Wednesday, May 25, 2011

Gonorréico Maldición Deseos

"usted mayo, el Señor Nuestro Fader, mantenga estas damas de la naturaleza gentil salvo de maleantes, malhechores y cascarrabias la ... y puede que los bendiga a todos, en nombre de la Fader, del Hijo y del Espíritu Santo ... Amén." Dios no ve ... no se reconoce en usted ... usted tiene todavía que nacer ... muerto, que es lo que eres ... entre los muertos vivientes 'de vida.

Over the doorframe to the Hall of Sinners, painted in wide brushstrokes, was ‘Gonorréico Maldición Deseos’ and underneath, scrawled in a child’s messy hand, a drawing of two dogs stuck tail to loin. The Sisters of Clemency hold a rummage and grope every Tuesday afternoon, the proceeds going to inoculate whores and sinners, those who have been in close proximity to sinners and whores and anyone who had defrauded the offering. It was common knowledge that many of the congregation, from the most faithful to the most dishonest, were known to dupe the Sunday endowment, exchanging wooden nickels for silver; others pinging the bottom of the plate pretending to drop a coin into the alms tin. One congregant, a moustachioed banker who wore a rainproof hairpiece under his hat hoping to find the missing whore’s glove, saved all his money for bribing haberdashers and clothes merchants. The priest gave him a God fearsome stare every time he arrived late, which was almost always, motioning with his head for him to sit in the back pews away from the other congregants and altar boys. The Deasey quintuplets sat at the front of the church taking up an entire pew, the eldest reading from a Book of Teutonic verse called ‘Eines Morgens ein knabenhafter Mann bei einem Buchhändler’ while his three younger brothers listened on. ‘No man is incorruptible’ said the priest to the half-dozing congregation. ‘and what of the woman?’ shouted one of the congregants, the anger in his voice showing signs of past cuckoldries. ‘they too’ said the priest wiping his nose with the sleeve of his vestment. ‘and children and cripples’ yelled another congregant’. ‘and the mad and insane’ shouted a third. ‘yes they too’ said the priest sternly not wanting to encourage anyone else to speak up. ‘we’re all going to hell’ whispered the youngest quintuplet to his three older brothers. ‘so why all the bellyaching?’ The last time Poldy attended Sunday Mass he tore the arm of his jacket on a loose nail ruining his one and only suit.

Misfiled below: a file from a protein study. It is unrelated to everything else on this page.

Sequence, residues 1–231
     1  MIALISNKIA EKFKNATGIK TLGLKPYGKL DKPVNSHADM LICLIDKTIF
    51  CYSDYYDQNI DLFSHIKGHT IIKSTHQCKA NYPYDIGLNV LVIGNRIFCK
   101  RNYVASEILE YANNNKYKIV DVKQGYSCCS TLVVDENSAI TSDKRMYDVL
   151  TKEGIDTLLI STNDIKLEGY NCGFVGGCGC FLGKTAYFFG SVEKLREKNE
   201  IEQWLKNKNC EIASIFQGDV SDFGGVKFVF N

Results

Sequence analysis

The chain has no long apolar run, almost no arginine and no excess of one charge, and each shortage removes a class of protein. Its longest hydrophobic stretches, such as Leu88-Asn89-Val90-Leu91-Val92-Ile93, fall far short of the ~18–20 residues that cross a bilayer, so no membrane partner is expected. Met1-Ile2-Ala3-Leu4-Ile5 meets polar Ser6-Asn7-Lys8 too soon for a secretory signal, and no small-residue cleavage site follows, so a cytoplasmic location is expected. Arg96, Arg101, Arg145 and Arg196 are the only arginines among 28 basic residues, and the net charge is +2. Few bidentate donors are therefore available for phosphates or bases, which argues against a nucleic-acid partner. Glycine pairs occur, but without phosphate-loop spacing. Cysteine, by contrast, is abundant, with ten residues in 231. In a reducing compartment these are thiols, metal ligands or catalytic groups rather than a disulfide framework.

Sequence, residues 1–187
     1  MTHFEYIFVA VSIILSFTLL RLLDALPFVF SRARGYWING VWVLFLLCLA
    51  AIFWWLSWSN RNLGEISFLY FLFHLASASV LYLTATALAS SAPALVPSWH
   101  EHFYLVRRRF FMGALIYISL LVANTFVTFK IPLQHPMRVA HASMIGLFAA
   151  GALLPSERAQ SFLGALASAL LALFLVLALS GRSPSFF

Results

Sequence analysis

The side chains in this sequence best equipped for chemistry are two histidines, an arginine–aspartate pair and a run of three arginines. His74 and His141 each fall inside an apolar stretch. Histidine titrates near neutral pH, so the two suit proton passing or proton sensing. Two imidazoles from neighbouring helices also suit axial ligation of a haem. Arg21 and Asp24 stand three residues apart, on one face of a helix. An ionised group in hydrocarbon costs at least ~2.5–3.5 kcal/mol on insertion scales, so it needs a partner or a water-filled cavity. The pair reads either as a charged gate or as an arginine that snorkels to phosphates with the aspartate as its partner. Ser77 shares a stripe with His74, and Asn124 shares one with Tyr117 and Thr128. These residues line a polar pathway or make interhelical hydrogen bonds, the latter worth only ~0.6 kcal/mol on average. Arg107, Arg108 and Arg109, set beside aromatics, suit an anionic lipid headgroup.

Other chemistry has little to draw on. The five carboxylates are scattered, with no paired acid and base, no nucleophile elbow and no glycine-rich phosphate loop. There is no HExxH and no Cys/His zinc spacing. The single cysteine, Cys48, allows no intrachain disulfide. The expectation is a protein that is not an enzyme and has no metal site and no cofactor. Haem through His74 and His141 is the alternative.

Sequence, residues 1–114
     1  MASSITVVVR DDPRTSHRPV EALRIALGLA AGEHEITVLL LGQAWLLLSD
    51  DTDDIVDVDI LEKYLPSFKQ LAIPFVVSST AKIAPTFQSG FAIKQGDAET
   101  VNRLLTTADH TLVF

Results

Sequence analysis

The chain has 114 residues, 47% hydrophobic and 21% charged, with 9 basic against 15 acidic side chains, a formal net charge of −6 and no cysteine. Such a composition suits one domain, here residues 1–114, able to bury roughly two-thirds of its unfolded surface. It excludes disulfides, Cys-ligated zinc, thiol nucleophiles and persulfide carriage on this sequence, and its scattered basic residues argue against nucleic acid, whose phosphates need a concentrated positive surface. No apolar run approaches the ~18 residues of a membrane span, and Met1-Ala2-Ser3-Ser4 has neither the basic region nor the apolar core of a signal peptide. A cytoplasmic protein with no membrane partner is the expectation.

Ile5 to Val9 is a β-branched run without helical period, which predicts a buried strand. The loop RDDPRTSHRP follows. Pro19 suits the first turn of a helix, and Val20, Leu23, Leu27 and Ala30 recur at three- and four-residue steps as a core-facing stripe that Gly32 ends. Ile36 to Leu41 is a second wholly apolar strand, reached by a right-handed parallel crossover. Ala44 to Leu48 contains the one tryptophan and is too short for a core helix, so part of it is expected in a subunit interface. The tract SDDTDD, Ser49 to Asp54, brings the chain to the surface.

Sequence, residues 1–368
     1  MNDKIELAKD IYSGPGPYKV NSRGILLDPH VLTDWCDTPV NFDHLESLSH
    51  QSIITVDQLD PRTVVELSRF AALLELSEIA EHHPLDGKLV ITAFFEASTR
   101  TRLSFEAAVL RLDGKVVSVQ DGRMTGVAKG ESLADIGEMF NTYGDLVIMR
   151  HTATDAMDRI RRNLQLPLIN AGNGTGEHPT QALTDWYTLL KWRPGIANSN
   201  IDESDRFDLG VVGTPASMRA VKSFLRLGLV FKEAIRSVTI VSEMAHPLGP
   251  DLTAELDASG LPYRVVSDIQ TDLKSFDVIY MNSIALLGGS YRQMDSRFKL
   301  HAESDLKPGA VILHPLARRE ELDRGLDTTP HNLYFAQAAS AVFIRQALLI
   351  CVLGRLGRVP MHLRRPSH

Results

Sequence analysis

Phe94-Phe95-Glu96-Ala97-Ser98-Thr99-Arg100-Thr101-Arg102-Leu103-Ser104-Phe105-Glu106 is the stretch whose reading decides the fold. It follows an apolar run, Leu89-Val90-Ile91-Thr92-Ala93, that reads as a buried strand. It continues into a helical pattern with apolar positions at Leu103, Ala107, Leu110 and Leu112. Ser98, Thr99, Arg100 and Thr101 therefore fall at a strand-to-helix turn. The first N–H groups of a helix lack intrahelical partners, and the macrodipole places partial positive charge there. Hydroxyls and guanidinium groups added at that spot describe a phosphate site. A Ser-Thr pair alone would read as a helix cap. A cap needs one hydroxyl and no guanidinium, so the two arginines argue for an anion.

All proceeds go to immunizing whores and sinners; any monies left over will be used to procure machines for shocking the incurably insane. Hervé Salamanca Henrique Boyacá, a middleweight from Ponce de León, sold women’s haberdasheries from the boot of his car; a nineteen-seventies Vauxhall with matching drivers’-side ashtrays and a luminescent foxfire roof. Henry Poincaré, middling shoe salesman vends women’s footwear from the back of a eighteen-eighties handcart, left to him in his great grandfather’s living will. ‘When angels cry so do the devil’s children’ his da told him drunk on spiced rum and pentene. ‘it’s just the way it goes’. Not once all the years he lived under his roof did he argue with his da, as incurring his anger would invite a lengthily beating followed by a father son dress down, neither of which he found appealing. Don Juan Teoria Tirofijo, known to his friends simply as don Tirofijo, sells bullets from the boot of his 4-Wheeler, 27 for 10,000 Pesos or 54 for 17,250. The rebels who hide out in the lowlands and mountains that makeup the five-mile buy their bullets by the half-bushel, Don Juan Teoria Tirofijo giving them a discount on tobacco and spiced rum. Sainte-Blandine lives with her ailing mother in a bedsit over a tinning factory overlooking the stadium where the Herschel Liege pantomime troop performed their first recital of Goethe’s 'Faust' using only hand-puppets and gelding straps.

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"Poetry is the short-circuiting of meaning between words, the impetuous regeneration of primordial myth". Bruno Schulz

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